In addition to keeping microwaves from being plugged into extension cords, there are other safety precautions which should be taken. Bartolome explained, “Using temporary wirings, such as extension cords or power strips as permanent wiring is unsafe.” This advice may prove particularly important to BYU–Hawaii students who may rely on such wiring to power their devices.
The Consumer Product Safety Commission website explains that extension cords are dangerous because they have a high potential of overheating or becoming damaged, which both pose high risks for fires.
Bartolome said people should be particularly wary of appliances that produce heat. He gave a few examples, such as a microwave, coffee maker, toaster oven, Instapot or slow cooker, advising that these appliances should also be plugged into a direct outlet.
Obviously, he said this advice also applies to bigger everyday appliances such as the refrigerator, stove, dishwasher or air conditioning.
The Community Relations Office and Codes Enforcement section of the Honolulu Fire Department are involved in doing fire safety checks. He said dangerous scenarios, such as those described above, are typically what they come across when performing these checks.
The photo to the left is an example of an extension cord and a power strip. Photo by Tim Mossholder on Unsplash.
When grilling, NFPA advises people to use the grill far away from the home or tree branches, to keep the grill clean, only light the grill once the gas grill lid is open and to keep children and pets at least three feet away from the grill at all times.
In addition, the website says extension cords should be used for outdoor charcoal grills.
For propane grills, NFPA advises grillers to be sure to check for leaks by applying soap and water to the hose; if bubbles appear, the grill should be repaired before use. In addition, if the grill smells like gas, they should “immediately get away from the grill and call the fire department. Do not move the grill.”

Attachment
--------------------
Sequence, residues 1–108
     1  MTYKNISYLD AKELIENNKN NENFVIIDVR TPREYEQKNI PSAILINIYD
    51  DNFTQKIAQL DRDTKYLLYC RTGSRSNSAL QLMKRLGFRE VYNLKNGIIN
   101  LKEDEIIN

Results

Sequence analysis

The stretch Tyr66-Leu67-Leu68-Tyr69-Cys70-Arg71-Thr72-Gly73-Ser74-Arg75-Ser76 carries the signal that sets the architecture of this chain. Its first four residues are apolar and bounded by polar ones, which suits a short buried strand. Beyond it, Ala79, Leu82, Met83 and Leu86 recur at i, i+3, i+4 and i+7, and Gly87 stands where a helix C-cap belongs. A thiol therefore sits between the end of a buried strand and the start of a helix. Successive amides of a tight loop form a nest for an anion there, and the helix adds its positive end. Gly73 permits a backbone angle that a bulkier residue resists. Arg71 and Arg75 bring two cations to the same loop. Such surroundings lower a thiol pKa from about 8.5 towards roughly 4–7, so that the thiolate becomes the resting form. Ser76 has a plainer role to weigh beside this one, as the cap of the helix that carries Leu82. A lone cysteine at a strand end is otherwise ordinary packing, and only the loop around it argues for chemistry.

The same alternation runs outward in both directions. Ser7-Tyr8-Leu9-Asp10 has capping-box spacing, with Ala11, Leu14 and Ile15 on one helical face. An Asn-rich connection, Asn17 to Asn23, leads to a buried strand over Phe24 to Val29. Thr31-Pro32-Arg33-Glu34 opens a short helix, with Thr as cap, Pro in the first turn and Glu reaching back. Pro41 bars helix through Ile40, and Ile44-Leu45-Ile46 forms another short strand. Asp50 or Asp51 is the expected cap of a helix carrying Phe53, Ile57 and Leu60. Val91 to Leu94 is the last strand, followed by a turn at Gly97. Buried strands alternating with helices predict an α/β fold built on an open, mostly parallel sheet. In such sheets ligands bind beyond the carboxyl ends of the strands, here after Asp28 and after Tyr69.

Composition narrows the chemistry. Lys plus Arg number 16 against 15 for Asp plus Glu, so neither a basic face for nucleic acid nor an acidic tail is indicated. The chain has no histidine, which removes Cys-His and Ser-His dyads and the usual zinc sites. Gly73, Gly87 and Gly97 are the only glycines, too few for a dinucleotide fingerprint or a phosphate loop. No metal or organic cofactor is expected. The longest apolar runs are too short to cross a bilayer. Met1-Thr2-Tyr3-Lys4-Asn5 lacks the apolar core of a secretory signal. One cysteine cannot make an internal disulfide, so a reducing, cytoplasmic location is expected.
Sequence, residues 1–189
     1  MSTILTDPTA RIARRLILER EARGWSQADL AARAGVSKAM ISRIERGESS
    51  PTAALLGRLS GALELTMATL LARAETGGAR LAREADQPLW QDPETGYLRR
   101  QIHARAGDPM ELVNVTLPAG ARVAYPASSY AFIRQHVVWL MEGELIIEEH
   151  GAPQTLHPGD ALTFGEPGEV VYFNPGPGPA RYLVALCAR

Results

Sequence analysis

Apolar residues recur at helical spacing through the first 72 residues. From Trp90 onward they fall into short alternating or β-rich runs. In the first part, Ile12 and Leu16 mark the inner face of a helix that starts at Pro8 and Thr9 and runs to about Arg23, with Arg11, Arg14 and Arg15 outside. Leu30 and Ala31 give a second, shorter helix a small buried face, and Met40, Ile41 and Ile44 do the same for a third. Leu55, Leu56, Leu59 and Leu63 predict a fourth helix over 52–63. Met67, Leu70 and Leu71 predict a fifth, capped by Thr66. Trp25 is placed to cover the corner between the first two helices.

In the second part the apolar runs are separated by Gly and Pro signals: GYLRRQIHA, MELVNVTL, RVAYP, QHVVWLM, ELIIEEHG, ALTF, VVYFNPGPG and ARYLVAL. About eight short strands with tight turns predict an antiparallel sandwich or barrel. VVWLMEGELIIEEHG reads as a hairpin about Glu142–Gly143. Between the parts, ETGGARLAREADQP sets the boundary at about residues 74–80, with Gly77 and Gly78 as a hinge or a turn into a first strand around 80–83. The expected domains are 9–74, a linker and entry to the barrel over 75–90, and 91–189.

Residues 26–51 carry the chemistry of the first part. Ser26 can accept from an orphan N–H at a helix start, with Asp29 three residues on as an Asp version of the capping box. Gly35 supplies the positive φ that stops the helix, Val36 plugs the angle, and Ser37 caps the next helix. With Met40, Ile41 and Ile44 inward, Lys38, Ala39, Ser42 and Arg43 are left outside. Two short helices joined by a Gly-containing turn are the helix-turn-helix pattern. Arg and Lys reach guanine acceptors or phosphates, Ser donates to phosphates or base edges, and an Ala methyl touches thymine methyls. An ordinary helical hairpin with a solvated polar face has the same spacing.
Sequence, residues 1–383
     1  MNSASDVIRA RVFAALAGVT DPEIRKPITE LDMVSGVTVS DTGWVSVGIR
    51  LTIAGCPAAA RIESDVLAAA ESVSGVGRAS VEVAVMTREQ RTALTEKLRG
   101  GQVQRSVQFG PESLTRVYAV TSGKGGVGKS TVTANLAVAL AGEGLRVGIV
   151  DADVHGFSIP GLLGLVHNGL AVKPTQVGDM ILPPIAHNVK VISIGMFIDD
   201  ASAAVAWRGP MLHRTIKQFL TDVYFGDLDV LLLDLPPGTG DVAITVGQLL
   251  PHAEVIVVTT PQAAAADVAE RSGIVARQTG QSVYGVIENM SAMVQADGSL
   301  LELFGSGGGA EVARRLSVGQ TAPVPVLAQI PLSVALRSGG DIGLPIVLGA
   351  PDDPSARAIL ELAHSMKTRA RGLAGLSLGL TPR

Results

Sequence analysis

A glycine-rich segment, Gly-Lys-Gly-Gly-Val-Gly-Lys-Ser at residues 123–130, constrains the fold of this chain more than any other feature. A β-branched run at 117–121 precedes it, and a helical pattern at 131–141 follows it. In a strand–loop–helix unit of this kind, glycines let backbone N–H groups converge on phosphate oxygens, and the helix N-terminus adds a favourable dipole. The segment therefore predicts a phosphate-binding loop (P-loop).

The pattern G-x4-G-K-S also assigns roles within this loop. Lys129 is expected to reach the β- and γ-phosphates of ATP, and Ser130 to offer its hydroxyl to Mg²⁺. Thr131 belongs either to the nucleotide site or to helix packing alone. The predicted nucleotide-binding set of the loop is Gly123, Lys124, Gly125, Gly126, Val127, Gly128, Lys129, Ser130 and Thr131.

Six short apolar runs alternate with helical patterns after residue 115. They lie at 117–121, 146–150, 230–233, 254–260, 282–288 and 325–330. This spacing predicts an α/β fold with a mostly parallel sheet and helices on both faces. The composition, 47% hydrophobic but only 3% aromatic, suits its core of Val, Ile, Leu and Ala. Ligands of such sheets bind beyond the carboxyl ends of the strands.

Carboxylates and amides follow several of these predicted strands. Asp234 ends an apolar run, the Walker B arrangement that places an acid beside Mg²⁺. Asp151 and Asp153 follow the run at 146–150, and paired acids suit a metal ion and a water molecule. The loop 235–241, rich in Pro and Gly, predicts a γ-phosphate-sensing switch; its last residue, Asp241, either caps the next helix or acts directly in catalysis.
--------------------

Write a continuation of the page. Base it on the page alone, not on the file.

Lastly, if the flame on the propane grill goes out, the advice is to turn off the grill and gas and wait at least five minutes before attempting to use it again.
Photo by Danny Gallegos on Unsplash.
Regarding pets, the NFPA website says that although pets give us comfort, friendship and unconditional love, pets and wild animals are responsible for starting about 750 home fires each year.
These fires involve cooking equipment, fireplaces and chimneys, space heaters, lamps, bulbs, wiring and candles.
They advise being sure to keep animals away from cooking equipment, candles, lamps and space heaters. In fact, they also suggest considering flameless candles.
Fireplaces are also a dangerous place for pets. They advise the public to also keep pets at least three feet away from the fireplace and cover it with tempered glass.
Another important piece of advice is to keep an eye on what pets chew up; it could be very dangerous if they chewed through electrical cords.
Lastly, the NFPA recommended pets be included in the family’s “wildfire evacuation plan.” They even suggested to go so far as to “build an evacuation kit for each pet in our household” that can be easily transported.
Heartbreakingly, the website also says people should never go back into a burning building to rescue a pet, they should alert a firefighter instead.
Photo by Anoir Chafik on Unsplash.
When it comes to protecting children, punishing children who misuse fire could actually make the problem worse. Instead, NFPA suggests close supervision, education and being a good example. Ultimately, talking openly with the child and establishing clear rules and consequences about fire safety is the best way to prevent a tragedy from occurring, it explains.
“All children are at risk for using fire unsafely. Many fires happen simply because matches and lighters are left within a child’s reach.”
Photo by Patty Brito on Unsplash.
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